A Woman’s Devotion (Blu-ray)

A Woman’s Devotion (Blu-ray) (1956)
Not Rated Dir: Paul Henreid | Kino Video | 1h 28min

Review By: Matt Malouf | May 2nd, 2018

Plot: What’s it about?

Trevor (Ralph Meeker) is a popular painter and highly decorated WWII hero. He and his new bride, Stella (Janice Rule) are on their honeymoon in Acapulco when trouble arises. Young women are turning up dead, and Trevor is accused of the murders. Since he suffers from post-traumatic stress, even he’s not 100% sure he’s innocent. He also has long stretches of amnesia where he can’t remember things. This film is directed by Paul Henreid who also stars in the film as Police Captain Henrique Monteros. The film certainly has an intriguing hook with a nourish hint, but somehow the final product feels lacking. Let’s take a look.

I’ll admit that reading the plot summery for the film is what led me to request a copy for review. I hadn’t heard of this one before that, but it sounded like something I would like. While the acting is fine, cinematography and all, something just doesn’t feel right about this film. I think it’s the film’s pacing, for one. There just isn’t the sense of urgency that you might expect from this sort of thing. For a long while, we’re most certain Trevor is innocent, but the film doesn’t seem to care about the central mystery to make it worthwhile. I did some reading online and learned that Henreid said the studio didn’t understand the film and they cut out essential parts. That might be why the final film seems so lacking as the final film leaves much to be desired.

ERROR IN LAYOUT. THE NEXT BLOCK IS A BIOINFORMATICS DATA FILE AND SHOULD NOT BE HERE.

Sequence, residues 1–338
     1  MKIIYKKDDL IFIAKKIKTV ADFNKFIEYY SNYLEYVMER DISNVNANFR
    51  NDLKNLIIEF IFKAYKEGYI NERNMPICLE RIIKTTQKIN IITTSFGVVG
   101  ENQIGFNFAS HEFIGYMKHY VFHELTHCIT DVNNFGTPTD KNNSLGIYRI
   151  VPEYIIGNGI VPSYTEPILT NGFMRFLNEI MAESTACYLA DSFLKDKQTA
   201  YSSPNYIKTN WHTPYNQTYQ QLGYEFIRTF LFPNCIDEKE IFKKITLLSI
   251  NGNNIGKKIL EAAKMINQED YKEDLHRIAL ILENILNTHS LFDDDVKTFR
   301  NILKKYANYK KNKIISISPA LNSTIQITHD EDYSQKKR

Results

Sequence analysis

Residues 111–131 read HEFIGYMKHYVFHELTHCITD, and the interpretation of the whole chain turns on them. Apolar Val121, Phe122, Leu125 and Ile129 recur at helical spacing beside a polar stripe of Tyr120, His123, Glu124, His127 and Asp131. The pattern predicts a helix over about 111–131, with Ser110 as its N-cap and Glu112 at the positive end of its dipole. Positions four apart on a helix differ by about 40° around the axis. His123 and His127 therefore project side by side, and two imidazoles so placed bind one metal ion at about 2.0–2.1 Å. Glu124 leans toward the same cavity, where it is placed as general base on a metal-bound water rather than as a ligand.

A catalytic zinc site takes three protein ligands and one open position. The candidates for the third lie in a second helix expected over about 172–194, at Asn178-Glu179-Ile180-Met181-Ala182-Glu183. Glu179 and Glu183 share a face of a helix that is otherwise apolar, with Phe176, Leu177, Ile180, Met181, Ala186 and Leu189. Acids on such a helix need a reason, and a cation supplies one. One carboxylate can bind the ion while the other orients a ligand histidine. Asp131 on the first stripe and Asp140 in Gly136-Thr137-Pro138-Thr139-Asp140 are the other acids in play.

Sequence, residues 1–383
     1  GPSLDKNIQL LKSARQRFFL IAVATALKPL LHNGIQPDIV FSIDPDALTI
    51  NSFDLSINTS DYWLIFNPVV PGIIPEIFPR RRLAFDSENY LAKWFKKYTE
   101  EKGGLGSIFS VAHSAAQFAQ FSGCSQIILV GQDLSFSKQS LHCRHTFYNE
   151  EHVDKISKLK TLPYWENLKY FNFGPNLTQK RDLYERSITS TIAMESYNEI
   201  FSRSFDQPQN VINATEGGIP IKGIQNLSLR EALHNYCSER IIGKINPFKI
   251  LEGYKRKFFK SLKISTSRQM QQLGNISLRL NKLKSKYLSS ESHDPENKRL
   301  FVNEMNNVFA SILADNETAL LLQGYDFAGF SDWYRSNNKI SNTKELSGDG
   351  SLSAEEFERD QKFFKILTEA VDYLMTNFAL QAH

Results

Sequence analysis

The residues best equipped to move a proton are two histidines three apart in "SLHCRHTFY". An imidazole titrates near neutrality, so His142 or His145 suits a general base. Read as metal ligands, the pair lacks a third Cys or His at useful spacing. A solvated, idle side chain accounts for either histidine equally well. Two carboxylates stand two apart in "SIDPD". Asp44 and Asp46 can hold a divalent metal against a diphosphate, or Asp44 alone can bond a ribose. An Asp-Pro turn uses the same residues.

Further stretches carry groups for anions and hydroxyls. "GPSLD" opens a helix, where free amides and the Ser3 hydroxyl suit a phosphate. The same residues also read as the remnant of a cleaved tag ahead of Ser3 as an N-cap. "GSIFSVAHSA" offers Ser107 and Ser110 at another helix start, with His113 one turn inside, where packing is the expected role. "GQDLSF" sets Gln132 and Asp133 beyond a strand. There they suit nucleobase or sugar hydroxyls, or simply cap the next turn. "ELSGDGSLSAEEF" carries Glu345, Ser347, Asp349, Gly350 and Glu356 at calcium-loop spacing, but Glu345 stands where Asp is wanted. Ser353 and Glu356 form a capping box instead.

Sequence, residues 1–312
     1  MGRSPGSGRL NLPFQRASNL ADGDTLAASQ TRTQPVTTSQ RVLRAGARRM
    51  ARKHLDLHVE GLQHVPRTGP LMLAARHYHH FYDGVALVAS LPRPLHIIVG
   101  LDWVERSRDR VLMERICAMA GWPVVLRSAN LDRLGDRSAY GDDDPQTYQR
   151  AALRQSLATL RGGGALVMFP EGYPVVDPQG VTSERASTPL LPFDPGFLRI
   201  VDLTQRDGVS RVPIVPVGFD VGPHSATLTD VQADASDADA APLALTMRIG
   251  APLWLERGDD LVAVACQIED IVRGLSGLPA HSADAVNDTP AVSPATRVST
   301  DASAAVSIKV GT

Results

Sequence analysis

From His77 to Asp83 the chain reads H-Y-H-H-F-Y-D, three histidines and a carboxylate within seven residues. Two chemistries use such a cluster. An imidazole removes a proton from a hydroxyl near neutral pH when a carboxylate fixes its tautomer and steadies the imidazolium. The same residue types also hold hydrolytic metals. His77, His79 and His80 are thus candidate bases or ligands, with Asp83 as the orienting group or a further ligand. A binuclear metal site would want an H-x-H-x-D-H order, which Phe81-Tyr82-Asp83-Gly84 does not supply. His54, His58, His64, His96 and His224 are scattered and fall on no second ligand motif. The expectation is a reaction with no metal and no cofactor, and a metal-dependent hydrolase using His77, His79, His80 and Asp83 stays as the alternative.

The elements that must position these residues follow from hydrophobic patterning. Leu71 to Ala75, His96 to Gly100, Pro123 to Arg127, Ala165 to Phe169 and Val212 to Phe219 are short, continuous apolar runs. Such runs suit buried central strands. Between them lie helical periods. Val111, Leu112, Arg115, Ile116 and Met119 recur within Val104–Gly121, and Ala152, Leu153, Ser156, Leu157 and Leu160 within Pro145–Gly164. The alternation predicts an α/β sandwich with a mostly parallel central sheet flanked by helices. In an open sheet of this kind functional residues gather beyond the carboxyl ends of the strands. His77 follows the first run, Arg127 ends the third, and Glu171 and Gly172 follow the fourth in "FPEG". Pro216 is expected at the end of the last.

A big misstep with A Woman’s Devotion is that we can never stand behind the man character. The film tries to squeeze mystery out of keeping Trevor in the dark where the audience is basically left to question his innocence. If it were changed up a bit where we see a man who know for certain is innocent, we might be more invested. This way it would make us take the journey with the main character as he fights to prove his innocence. As it stands, we just can’t care enough.

Video: How’s it look?

With the film taking place in Acapulco, we can expect some strong visuals here. For the most part, the image has a clean look to it. There are only small traces of grain and other flaws, but they’re minimal at most. The 4K restoration is quite impressive as I sat and admired the visuals through much of the film. Details are strong without any softness of obvious flaws detected. In terms of visuals alone, this disc gets a strong pass. The image is AVC encoded.

Audio: How’s it sound?

We get a DTS HD 2.0 track that never feels limited or lacking in any way. Vocals have a nice clarity to them and during the scenes with action or police sirens, we can expect to feel involved with the film. The music heard throughout the film also adds to the track as well. Along with the strong visuals, this track proves satisfying.

Supplements: What are the extras?

  • Theatrical Trailers

The Bottom Line

I wanted to like A Woman’s Devotion, but it just never comes together. The plot moves at a sluggish pace, the central mystery is never as intriguing as it should be, and the ending is a disappointment. This Blu-Ray disc presents the film is a strong manner, but the film remains a letdown. Recommended only for already established fans.

Disc Features
  • (2.35:1) Aspect Ratio
  • Video Codec: AVC
  • Audio: DTS HD Master
  • Theatrical Trailer
  • Audio Commentary
  • Deleted Scene(s)
  • Featurette
  • Documentary
  • Digital Copy
  • 1 Disc Set
  • IMDb Information
A Woman’s Devotion (Blu-ray)

3
good
Video
Audio
Extras